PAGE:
LeBron has sure-fire answer to Cavs woes: ‘As the leader, I have to do more’
Over his last 12 games, LeBron James is averaging 22.5 points, 6.8 rebounds, 7.1 assists and 4.4 turnovers. AP  

INDEPENDENCE, Ohio — LeBron James knows the Cavaliers have a proven vaccine that could cure them of this midseason malaise: a larger dose of him.

"I gotta be much better," he said.

As Cleveland has staggered to a 3-9 record since it lost at Golden State on Christmas and fallen behind Boston and Toronto in the Eastern Conference standings, its decline has run parallel to a statistical drop-off by James, who was considered the front-runner in the MVP race before the calendar changed to 2018.

"My numbers are down, the team's numbers are down and we're not playing well, so obviously it's a direct correlation of all of those things," James said on Monday (Tuesday, Manila time) before the team traveled to San Antonio. "I could care less about me individually, but when I'm not playing to my standard and we're losing, then I have to do a better job as well, so I gotta figure that out, too."

Over his last 12 games, James is averaging 22.5 points, 6.8 rebounds, 7.1 assists and 4.4 turnovers. He is making 21 percent of his 3-pointers this month after knocking down 35 percent of his shots behind the arc in December. The 14-time All-Star, four-time MVP and three-time champion has failed to reach 20 points in four of Cleveland's past nine games after scoring fewer than 20 in five of the club's first 36 games.

Everything with the Cavaliers starts and ends with the 33-year-old James.

"That hasn't changed," said James, who enters Tuesday's game against the Spurs seven points shy of 30,000. "As a leader, the leader of this franchise, I have to do more, especially out on the floor. I have to pick it up for other guys and I haven't been able to do that as of late. It's not about them, it's about me."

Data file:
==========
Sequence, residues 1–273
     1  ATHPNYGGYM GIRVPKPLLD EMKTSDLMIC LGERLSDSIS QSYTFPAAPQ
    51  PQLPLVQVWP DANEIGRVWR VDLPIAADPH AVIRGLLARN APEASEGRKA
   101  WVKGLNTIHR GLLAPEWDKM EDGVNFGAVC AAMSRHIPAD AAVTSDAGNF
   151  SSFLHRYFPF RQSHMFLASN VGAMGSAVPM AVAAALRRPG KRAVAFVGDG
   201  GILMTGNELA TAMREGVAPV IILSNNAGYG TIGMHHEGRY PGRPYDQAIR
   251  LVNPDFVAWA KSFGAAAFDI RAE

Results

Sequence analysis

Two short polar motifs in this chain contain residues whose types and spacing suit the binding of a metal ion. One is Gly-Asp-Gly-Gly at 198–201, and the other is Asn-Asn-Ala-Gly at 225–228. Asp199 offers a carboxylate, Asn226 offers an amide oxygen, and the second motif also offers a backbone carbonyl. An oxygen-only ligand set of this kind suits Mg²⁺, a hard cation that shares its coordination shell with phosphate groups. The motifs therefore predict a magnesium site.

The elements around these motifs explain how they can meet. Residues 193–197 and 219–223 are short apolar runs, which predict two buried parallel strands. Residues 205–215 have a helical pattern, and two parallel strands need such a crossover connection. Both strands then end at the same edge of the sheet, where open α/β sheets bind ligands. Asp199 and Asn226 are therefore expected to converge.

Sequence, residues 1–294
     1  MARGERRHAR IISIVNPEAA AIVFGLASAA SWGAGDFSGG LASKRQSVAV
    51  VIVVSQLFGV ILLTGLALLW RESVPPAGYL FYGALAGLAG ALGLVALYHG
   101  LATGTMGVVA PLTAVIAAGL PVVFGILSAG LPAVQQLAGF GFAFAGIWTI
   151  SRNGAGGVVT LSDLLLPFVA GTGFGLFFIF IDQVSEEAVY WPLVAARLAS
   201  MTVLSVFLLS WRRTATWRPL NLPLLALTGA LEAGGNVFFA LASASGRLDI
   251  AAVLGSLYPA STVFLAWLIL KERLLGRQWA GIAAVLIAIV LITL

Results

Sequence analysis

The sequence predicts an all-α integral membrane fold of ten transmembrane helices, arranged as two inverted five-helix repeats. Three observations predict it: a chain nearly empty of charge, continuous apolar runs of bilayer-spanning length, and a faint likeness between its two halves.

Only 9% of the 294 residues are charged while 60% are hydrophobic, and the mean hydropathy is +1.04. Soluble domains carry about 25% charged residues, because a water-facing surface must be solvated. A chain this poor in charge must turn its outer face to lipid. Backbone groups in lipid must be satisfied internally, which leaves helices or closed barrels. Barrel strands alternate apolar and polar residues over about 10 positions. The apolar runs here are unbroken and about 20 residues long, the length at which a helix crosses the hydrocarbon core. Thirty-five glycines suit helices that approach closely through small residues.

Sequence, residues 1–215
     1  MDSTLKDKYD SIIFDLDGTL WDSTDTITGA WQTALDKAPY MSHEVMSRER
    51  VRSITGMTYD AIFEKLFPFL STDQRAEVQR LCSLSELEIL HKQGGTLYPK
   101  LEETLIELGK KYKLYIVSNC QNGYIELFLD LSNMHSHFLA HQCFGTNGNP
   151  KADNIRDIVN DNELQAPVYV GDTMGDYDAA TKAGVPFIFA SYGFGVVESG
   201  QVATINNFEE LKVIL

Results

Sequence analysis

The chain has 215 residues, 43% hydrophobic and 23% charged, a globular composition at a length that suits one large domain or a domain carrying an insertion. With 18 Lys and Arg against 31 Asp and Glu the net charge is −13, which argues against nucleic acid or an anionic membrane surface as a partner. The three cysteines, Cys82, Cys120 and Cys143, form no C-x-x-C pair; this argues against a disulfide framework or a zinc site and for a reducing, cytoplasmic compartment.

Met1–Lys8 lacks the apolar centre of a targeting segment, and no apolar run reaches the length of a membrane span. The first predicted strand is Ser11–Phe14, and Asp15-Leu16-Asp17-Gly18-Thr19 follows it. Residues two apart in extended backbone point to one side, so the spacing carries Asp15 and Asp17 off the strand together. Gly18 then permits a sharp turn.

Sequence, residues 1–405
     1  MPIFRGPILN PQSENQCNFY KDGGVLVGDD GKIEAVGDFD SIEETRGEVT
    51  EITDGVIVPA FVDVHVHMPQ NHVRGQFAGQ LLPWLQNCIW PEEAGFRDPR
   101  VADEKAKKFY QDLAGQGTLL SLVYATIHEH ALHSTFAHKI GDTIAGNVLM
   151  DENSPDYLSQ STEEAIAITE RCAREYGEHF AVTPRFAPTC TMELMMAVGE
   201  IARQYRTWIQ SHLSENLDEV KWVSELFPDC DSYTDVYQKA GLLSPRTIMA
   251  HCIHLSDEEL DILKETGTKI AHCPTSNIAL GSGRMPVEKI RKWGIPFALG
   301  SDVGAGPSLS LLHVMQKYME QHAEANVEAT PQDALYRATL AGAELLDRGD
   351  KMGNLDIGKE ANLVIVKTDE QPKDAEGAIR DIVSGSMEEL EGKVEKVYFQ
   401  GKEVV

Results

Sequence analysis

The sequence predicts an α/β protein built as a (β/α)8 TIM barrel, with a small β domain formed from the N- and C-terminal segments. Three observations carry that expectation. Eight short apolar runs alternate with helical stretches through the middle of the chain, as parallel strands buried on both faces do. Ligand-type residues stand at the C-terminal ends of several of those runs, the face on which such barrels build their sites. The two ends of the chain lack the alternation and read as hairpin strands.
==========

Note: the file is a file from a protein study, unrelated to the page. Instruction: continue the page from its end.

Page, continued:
One of the reasons for James' sinking stats is that he's been trying to incorporate guard Isaiah Thomas into Cleveland's offense. The All-Star has played seven games since returning from a hip injury that sidelined him since May, and he and James are still learning to work together.

Thomas is most comfortable initiating offensive sets with the ball, and James has been sacrificing early touches in the 24-second shot clock to accommodate his teammate.

James knows the Cavs need to get Thomas — and Derrick Rose, back from an ankle injury — up to speed. It's taking time, and it's going to require patience — and maybe some pain.

"It's a challenge that I'm willing to make and willing to do," James said. "It's definitely a fine line for me personally, but I'm willing to see if it works well for us or if it doesn't work well for us."


James and his teammates practiced the past two days while searching for answers following a horrific performance on Saturday against Oklahoma City. With Paul George, Russell Westbrook and Carmelo Anthony combining for 88 points, the Thunder put up 148 against the Cavaliers, whose defensive ineptitude has raised questions about their title legitimacy.

Coach Tyronn Lue didn't show his team film from the game, but James watched it to try to decipher what went wrong.

"A lot of bad things," he said. "We had some good things offensively. We almost scored 130 ourselves. But defensively we had a lot of breakdowns and a lot of things we gotta clean up."

There's a pile of alarming issues right now, but James isn't overreacting.

"I'm not a red-flag guy. I'm not a concerned guy," he said. "I'm a guy that thinks it's going to get better. That's just who I am."

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